Internet Radio Review: 100%NL
Ralph Graves is one of Crutchfield's blog editors, and part of the company's social media team. He writes about home audio/video gear, specializing in Apple-related and wireless technologies. Ralph holds a master's degree in music composition, and his works have been released on various labels. He's served as product manager for an independent classical and world music label, produced several recordings, and worked extensively in public broadcasting. Since 1984 he's hosted a weekly classical music program on WTJU, and is also active as a blogger and podcaster.
More from Ralph Graves
Heads up!Welcome to this article from the Crutchfield archives. Have fun reading it, but be aware that the information may be outdated and links may be broken.
Sometimes it just takes just a little bit of foreign spice can make the overly-familiar interesting again. That was my reaction when I first tuned in to 100% NL. On the surface, it's just another Top 40 radio station, with high-energy DJs, news and sports updates, and the latest soft rock and pop with an occasional oldie thrown in for variety. But 100% NL is broadcast from the Netherlands, and as its name implies, the station is all about music popular in its own country.
English is the unofficial second language of the Netherlands, making the Dutch music scene unique. Most artists can comfortably sing in either Dutch or English. Sometimes Dutch groups chart on Dutch stations singing in English — and are as easily understood by their audience. This bilingual ability helped some groups achieve international success, such as Golden Earring ("Radar Love") and Shocking Blue ("Venus"). And while only a few managed to break into the American market, many more have appeared on the UK charts over the years.
Although the DJs on 100% NL speak Dutch, English words and phrases regularly crop up making it possible to follow the general thrust of the patter. But that's not what's important. It's the music that matters.
American and British pop have greatly influenced Dutch music, but not completely overwhelmed it. The Dutch language has a different rhythm and cadence than English, which pulls the melodic phrases in a different direction. So the music may sound familiar, but never cliche.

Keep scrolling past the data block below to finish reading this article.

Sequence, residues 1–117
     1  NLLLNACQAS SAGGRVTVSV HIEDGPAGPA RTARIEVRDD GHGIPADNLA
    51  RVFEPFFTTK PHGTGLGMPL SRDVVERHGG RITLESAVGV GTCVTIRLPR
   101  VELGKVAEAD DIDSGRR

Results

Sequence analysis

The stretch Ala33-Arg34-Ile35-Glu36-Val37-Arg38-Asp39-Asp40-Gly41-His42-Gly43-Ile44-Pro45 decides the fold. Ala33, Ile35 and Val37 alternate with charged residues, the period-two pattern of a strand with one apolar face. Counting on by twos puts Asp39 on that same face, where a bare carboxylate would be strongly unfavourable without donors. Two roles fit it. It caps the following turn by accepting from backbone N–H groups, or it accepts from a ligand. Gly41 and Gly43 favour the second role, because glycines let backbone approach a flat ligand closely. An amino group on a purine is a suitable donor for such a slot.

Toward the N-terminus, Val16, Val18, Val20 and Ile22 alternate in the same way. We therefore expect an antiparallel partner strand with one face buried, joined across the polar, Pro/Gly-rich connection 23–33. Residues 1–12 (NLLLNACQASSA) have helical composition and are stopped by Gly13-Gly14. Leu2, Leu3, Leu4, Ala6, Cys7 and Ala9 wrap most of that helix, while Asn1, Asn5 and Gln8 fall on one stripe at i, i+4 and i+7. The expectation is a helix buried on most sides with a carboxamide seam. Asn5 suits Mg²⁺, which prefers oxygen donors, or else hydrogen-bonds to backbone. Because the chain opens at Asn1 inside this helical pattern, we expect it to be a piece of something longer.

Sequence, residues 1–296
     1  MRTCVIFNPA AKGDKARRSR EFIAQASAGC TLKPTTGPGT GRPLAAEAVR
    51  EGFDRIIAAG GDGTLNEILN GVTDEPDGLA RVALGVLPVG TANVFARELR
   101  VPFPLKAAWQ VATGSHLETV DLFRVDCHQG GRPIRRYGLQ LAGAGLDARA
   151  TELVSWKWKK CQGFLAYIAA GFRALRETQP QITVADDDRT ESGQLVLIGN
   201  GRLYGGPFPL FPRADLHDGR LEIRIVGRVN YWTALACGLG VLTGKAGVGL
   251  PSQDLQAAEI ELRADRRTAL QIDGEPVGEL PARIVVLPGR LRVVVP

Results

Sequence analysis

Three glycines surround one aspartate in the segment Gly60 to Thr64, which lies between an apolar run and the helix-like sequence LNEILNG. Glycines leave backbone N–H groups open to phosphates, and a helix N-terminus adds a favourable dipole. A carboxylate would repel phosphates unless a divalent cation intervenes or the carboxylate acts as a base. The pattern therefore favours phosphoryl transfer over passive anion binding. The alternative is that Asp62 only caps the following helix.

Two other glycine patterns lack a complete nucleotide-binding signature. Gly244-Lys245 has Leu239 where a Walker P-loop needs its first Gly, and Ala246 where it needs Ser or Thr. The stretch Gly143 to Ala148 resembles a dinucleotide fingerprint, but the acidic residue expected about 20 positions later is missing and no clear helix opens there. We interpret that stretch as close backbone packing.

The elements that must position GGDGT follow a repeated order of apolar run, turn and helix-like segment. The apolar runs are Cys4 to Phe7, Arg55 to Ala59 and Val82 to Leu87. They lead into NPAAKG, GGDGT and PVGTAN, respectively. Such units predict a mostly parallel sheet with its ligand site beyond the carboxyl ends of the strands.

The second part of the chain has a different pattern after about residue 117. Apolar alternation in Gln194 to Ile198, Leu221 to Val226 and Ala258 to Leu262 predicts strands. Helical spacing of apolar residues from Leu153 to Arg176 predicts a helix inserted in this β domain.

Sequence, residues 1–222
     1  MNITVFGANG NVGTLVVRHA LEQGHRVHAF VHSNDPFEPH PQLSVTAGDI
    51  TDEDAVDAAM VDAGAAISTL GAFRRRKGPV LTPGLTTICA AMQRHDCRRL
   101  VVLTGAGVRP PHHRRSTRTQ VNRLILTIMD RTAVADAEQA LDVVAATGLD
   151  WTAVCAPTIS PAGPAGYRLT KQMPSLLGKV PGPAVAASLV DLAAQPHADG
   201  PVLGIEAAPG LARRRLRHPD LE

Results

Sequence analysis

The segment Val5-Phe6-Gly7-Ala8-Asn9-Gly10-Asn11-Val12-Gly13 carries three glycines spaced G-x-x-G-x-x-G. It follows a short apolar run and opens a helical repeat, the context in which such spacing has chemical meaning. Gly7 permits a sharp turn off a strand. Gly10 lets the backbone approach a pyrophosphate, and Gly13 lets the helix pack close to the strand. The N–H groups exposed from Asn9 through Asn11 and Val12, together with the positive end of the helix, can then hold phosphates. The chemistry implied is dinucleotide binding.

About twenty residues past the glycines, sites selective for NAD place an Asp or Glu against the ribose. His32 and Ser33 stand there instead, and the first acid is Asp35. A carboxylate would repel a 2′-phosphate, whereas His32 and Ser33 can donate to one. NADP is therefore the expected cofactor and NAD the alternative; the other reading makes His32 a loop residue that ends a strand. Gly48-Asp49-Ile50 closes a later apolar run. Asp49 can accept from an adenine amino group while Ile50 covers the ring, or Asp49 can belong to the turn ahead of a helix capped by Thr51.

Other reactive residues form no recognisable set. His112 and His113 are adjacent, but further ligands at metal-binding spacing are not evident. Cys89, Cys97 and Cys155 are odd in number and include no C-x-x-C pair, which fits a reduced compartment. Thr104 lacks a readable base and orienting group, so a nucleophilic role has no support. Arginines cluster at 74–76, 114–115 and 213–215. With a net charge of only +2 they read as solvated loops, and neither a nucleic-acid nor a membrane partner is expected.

100% NL plays the hits from the Dutch charts, which is not necessarily exclusively Dutch artists. During recent listening sessions I heard UB40, a George Michael/Elton John duet, Phil Collins, and Italian artist Eros Ramazzotti.
The majority of the tunes, though, are by Dutch artists such as balladeers Jan Smit, Wolter Kroes, and Marco Borsato. There's also some interesting alt-rock by Jurk!, Blof, and Kane, as well as introspective artists such as Nick & Simon. And of course, plenty of straight-ahead pop singers like Erik Mesie, Guus Meewis, and Gerard Joling.
Be warned: 100% NL is an over-the-air station, and so there are blocks of commercials, just like in the U.S. But because I don't speak Dutch, they don't seem nearly as annoying. And I think that language barrier also helps my appreciation of the music. I'm sure some of the big ballads have lyrics just as sappy as any sung by Celine Dion, but since I don't understand them, they don't detract from the melody.
And the music is first-rate. I'm usually humming along by the first chorus — and that's not something that happens to me with American pop. The audio stream is exceptionally good, too. It's not overly compressed, and actually sounds fairly expansive — which really helps put the big ballads across! My only quibble is with the metadata, which lags behind the audio. So if you like a song, you may have to wait a few seconds for the name to come up on your player.
Bottom line: Catchy, tuneful pop that transcends the language barrier
How To Listen:
Accessible through most wireless music players
Website: The www.100p.nl site has links to open the stream in Windows Media
iTunes: In the iTunes Radio menu, the station's listed in the International streams folder as 100% NL